Book by Robert C. Williams '60

Book by Robert C. Williams ’60

“Since World War II, forensic pathology and anthropology have slowly given way to genetics and DNA ‘fingerprinting,’ along with computer hardware and software, as scientific evidence that can stand up in court,” Williams comments in his introduction. “This book highlights that transition through specific case studies showing how modern forensic historians and scientists do their work and what kinds of evidence they must obtain.”

Samples of Beethoven’s hair and bones were found to have abnormally high levels of lead, suggesting he may have died from lead poisoning. The Shroud of Turin was carbon-dated back to the 14th century, not the 1st. The Titanic was found to have been assembled using low-quality rivets that almost certainly played a part in its sinking in 1912. These high-profile cases continue to hold the public’s fascination, and Williams provides a concise synopsis of the methods used to reach conclusions for each. Be forewarned, however, that what you hear in the news relating to cases like these will not always convey the hard science correctly.

“The media cannot wait patiently until forensic historians and scientists finish their plodding work,” writes Williams. “Thus the media often rush to create a virtual reality that encourages forensic historians to publicize their findings prematurely, often without peer review.”

Williams retired in the spring of 2003 as Vail Professor of History at Davidson College, where he served for 13 years as vice president for academic affairs and dean of the faculty. He is the author of the best-selling Historian’s Toolbox and of numerous articles and books on Russian history, including Ruling Russian Eurasia: Khans, Clans, and Tsars; Russian Art and American Money, 1900–1940 (nominated by Harvard University Press for the Pulitzer Prize); Klaus Fuchs: Atom Spy; and Russia Imagined: Art, Culture, and National Identity, 1840–1995.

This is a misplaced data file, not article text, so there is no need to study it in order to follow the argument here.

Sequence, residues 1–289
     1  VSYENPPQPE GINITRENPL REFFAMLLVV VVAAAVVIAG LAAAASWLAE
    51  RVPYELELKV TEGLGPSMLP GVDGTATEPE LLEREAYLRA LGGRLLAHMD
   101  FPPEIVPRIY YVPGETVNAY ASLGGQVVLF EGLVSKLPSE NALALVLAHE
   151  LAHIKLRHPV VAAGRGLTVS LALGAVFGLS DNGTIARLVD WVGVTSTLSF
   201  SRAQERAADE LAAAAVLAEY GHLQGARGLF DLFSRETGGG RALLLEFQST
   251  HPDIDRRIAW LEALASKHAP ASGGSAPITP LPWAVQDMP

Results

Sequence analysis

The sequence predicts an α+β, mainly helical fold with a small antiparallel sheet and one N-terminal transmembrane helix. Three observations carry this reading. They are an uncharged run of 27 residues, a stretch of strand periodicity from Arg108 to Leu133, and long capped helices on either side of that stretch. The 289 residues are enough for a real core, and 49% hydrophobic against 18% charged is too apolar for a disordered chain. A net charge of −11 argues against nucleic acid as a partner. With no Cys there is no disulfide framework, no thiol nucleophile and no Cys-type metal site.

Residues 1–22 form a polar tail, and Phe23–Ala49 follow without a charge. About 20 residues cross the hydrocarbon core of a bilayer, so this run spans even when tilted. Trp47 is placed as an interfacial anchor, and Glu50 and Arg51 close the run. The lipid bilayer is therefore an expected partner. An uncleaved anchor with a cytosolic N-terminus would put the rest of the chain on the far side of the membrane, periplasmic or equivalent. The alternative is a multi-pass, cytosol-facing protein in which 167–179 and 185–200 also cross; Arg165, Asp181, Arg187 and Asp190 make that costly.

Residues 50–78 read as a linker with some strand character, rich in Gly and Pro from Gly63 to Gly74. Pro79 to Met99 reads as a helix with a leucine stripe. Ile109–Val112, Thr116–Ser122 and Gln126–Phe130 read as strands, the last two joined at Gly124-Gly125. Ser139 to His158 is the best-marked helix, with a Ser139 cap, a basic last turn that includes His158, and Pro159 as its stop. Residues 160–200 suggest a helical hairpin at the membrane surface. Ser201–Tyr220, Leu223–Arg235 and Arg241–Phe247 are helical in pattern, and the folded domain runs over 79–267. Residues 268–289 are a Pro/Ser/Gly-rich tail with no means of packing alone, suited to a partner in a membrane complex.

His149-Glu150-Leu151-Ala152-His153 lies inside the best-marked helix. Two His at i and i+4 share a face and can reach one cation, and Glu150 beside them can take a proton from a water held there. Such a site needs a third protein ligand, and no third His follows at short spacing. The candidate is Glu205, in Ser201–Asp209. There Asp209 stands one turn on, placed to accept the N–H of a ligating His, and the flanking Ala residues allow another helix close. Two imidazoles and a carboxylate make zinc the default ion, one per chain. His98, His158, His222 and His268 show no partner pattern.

Sinnreich ’94 Investigates Consequences of Music Piracy Crusade

AramSinnreich

Aram Sinnreich ’94

Aram Sinnreich ’94 is the author of the new book The Piracy Crusade: How the Music Industry’s War on Sharing Destroys Markets and Erodes Civil Liberties (University of Massachusetts Press). An assistant professor of journalism and media studies at Rutgers University, he served as an expert witness on the 2010 court case Arista Records vs. Lime Group, which was settled out of court before he could present his 20,000-word report. The Piracy Crusade was built on the foundation of his unused research at the time.

Sinnreich argues that Hollywood, the recording industry, and the United States government are acting as crusaders who are waging a destructive war against digital technology innovators and so-called “pirates.” Attempting to shut down peer-to-peer sharing and unlicensed streaming of media, the industries have used excessive force against and attempted to dehumanize users in order to stop copyright infringement.

Sinnreich writes that the resulting laws and policies have only succeeded in hurting free speech, privacy, and open discourse while failing to curb the trend in pirating. The book begins by charting a social history of the music industry and examining its relationship with 20th-century technology. Challenging the dominant narrative of the changes undergone by the music industry, Sinnreich then looks at P2P, or peer-to-peer, file sharing in comparison to traditional music economics and recent trends in sales. He then exposes the “collateral damage” of the piracy crusade.

piracy crusade

New book by Aram Sinnreich ’94

Sinnreich is also the author of Mashed Up: Music, Technology and the Rise of Configurable Culture (University of Massachusetts Press) and has long been interested in music and intellectual property. He has published dozens of music recordings and performed with various musical ensembles.